Turnover sword symbolic of Arizona Wildcats’ defensive opportunism

Sep 16, 2022, 11:31 AM
Wide receiver Caleb Ducking #4 of the Mississippi State Bulldogs trips up cornerback Treydan Stukes...
Wide receiver Caleb Ducking #4 of the Mississippi State Bulldogs trips up cornerback Treydan Stukes #20 of the Arizona Wildcats during the NCAA football game at Arizona Stadium on September 10, 2022 in Tucson, Arizona. (Photo by Rebecca Noble/Getty Images)
(Photo by Rebecca Noble/Getty Images)

Arizona Wildcats coaches are impressed by the football team’s early-season opportunistic defense.

Last season, they forced just six turnovers. This year, the Wildcats have forced five through two weeks.

That’s tied for 15th in FBS, and their three recovered fumbles are tied for seventh.

“Our players have done a great job embracing the mentality that (defensive coordinator Johnny) Nansen and the defensive staff have put in,” head coach Jedd Fisch said in a Monday press conference. “A huge point of emphasis was made — as you guys know — has been taking the ball away.”

Even when they don’t force the ball out, their hunt for the football is noticed by Wildcats coaches.

“They’ve done a great job of attacking the ball at every moment,” Fisch said. “There’s times that we look to get the ball out that we haven’t, but you could see great strip attempts.”

Nansen also noted the team’s pursuit of the football — even if they don’t make the play.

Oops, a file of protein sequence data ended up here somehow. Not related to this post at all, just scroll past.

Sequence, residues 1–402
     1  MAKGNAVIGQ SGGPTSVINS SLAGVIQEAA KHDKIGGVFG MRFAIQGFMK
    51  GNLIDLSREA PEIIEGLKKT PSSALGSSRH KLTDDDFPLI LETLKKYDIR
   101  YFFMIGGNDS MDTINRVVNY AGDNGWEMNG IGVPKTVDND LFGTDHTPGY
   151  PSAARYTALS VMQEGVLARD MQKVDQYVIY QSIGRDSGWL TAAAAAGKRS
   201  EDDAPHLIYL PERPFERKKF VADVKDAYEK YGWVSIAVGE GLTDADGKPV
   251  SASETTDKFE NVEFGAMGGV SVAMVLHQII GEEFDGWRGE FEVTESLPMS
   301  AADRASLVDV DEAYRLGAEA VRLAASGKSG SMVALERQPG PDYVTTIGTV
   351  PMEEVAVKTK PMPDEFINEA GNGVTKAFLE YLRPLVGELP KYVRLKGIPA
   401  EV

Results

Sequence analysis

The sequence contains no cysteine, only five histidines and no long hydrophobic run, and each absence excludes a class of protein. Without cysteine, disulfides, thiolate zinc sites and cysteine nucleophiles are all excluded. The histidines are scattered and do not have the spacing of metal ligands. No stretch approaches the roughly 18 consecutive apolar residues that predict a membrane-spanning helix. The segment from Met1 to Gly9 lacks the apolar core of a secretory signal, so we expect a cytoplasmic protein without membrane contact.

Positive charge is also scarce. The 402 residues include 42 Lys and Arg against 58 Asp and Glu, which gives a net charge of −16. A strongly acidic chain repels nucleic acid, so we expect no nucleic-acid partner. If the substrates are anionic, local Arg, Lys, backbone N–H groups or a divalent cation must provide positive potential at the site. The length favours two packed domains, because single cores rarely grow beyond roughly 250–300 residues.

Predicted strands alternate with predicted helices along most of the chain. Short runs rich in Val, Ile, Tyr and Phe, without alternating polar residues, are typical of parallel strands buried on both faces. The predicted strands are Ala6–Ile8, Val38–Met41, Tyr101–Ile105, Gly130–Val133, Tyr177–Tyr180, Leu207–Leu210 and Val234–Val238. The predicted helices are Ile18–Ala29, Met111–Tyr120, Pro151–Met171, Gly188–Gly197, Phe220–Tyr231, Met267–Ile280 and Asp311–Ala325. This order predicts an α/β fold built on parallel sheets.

“The kids play with great effort. They play hard,” Nansen said. “… They were pursuing the ball; swarming the ball, so I was proud.”

The defense this year got involved in the sideline props game, as well, with their cactus-shaped “turnover sword.” After forcing a turnover, they run to the sideline, stab a flat football with the sword, then show it to the fans.

Nansen calls the sword part of their identity. It’s an idea that stemmed from a chair in their meeting room that the player of the day sits in after practice.

“We have a difficult time taking [the chair] on the road, so I came up with the idea of the sword,” Nansen said in a Tuesday press conference. “We give it to [the players] on Friday night and then they take it over to the game.”

Fisch thinks highly of the adoption of the turnover sword.

“It’s a fun gimmick that seems as if a lot of teams have started to incorporate,” Fisch said. “I appreciate that our guys find something to get excited about and it’s a way for them to celebrate with the fans and celebrate with themselves.”

The Wildcats’ next game is on Saturday at 8 p.m. MST at North Dakota State. Their FCS opponent is third in the Missouri Valley Conference at 2-0 and as a program have lost just four games since 2018.

The Bison offense this season is run-heavy and dynamic. There’s a 68-30 edge in rushing attempts versus passing attempts, and eight players have rushed six or more times.

Look for the Wildcats to continue their pursuit of forced fumbles. It will be difficult, as the Bison have yet to turn it over this season.

If they find success, they could be on their way to a 2-1 start.

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Turnover sword symbolic of Arizona Wildcats’ defensive opportunism